During the monsoon season dramatic flood events in coastal and low-lying areas occur regularly. Bangladesh is quite vulnerable to tropical cyclones, tornadoes and flood tides, and losses of life and property often result.

The country is densely populated and many farmers reside on and cultivate land that is regularly exposed to extreme weather events. The majority of people are employed by agriculture, which accounts for roughly 70 percent of the total land area.

Groundwater used for drinking water and irrigation is often contaminated, resulting in the spread of water-borne disease. Water tables have fallen in some regions due to overuse of groundwater. Bangladesh also faces increasing saltwater intrusion along the coast, soil erosion and degradation, widespread insecticide use and deforestation.

These are the vulnerabilities we’re addressing in ACToday in Bangladesh. We recently held our first course as part of a new academy on climate services, working with participants from different sectors to work through the decision-making process. An example is determining what crops to plant in a given location, or when best to plant them, informed by improved weather, subseasonal and seasonal climate information and forecasts. Tailored forecasts and climate services can help manage and reduce risk. Due to the acute vulnerability present, improved forecasting of monsoonal seasonal rainfall, as well as advanced warning of extreme events within the monsoon season, continue to be a high priority for Bangladesh.

Eunjin Han – Using Climate Knowledge for Agriculture Decisions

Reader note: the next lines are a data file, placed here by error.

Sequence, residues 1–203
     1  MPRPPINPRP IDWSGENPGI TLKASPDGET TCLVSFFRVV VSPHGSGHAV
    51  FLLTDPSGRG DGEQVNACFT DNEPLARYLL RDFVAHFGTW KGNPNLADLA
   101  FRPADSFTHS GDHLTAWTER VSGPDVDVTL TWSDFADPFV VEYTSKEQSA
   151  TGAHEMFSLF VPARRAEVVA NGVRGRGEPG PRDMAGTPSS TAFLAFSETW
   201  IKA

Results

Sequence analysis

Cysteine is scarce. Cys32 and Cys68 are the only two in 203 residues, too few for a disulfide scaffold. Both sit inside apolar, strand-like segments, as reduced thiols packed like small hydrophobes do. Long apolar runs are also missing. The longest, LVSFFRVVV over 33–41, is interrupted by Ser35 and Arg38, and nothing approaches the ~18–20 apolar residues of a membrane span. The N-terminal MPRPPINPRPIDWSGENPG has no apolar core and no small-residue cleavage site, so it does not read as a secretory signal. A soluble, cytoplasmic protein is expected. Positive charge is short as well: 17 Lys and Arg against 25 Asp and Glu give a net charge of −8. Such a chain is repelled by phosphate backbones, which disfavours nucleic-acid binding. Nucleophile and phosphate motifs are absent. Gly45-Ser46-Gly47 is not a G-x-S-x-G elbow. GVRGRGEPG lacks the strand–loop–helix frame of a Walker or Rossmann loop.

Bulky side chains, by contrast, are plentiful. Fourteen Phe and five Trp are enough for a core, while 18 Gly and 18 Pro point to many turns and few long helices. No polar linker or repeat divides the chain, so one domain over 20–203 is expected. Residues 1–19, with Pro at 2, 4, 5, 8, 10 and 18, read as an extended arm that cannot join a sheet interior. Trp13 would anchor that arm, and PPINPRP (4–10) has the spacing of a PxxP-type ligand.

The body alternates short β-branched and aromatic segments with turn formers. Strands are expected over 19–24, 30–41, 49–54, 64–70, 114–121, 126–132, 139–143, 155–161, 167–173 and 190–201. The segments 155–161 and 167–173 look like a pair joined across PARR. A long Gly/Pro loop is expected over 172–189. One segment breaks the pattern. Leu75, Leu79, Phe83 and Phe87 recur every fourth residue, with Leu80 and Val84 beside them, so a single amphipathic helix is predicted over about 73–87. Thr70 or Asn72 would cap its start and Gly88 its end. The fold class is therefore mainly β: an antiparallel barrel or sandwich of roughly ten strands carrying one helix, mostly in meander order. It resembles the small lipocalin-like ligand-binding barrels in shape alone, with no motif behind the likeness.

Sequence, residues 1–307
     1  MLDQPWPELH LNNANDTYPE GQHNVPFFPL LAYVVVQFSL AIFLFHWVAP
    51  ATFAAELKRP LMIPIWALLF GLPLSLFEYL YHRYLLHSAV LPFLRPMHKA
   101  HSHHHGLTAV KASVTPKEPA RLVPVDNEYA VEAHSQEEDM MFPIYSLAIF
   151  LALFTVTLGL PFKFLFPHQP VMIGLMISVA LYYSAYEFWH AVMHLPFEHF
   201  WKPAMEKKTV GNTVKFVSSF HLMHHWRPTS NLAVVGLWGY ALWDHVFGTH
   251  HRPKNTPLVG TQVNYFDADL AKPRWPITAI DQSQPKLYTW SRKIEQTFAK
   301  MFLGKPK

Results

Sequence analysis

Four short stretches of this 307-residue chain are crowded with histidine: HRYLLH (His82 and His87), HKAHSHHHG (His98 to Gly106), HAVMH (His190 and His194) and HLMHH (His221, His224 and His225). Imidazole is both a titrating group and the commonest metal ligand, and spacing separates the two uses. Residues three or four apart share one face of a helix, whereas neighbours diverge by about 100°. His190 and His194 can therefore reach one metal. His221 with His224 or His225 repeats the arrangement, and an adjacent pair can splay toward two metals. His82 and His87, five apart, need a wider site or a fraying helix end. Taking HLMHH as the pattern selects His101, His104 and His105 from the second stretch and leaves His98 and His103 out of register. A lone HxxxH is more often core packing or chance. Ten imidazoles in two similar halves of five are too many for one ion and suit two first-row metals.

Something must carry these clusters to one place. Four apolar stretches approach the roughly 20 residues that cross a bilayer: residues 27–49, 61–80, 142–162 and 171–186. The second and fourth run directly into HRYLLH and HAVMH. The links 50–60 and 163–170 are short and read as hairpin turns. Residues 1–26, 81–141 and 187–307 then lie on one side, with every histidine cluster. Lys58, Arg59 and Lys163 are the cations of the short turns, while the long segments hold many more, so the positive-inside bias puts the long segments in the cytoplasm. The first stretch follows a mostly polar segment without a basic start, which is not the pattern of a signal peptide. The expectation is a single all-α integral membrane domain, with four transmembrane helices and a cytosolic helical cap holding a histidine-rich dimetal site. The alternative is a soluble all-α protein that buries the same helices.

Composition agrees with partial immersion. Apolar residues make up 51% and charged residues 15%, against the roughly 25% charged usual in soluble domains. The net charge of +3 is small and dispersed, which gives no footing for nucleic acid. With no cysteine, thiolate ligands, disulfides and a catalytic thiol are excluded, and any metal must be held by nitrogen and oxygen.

As a scientist who works at the intersection of climate and agriculture, what do you think of the new potential for forecasting at the subseasonal timescale?

As IRI has been issuing seasonal climate forecast every month, we have been trying to translate seasonal forecast information to agronomic terms for better decision supports – for example, strategies for planting, fertilizer, insurance, etc. With recent advances and efforts for “seamless forecasting” from weather forecasts to seasonal climate forecasts, I am excited to see the added value of subseasonal forecasts for agricultural decision making. Crop growth can be seriously affected by weather events certain growth stages and thus reliable information on the subseasonal timescale would definitely help agricultural decision making.

What is one key takeaway from one of the case studies you’re presenting?

Adopting a seasonal or susbseasonal forecast to a crop simulation model can improve crop yield prediction and help finding suitable planting windows, but uncertainties in the forecasts should be handled with care.

Visit IRI’s full schedule of AGU activities to discover more talks and presentations.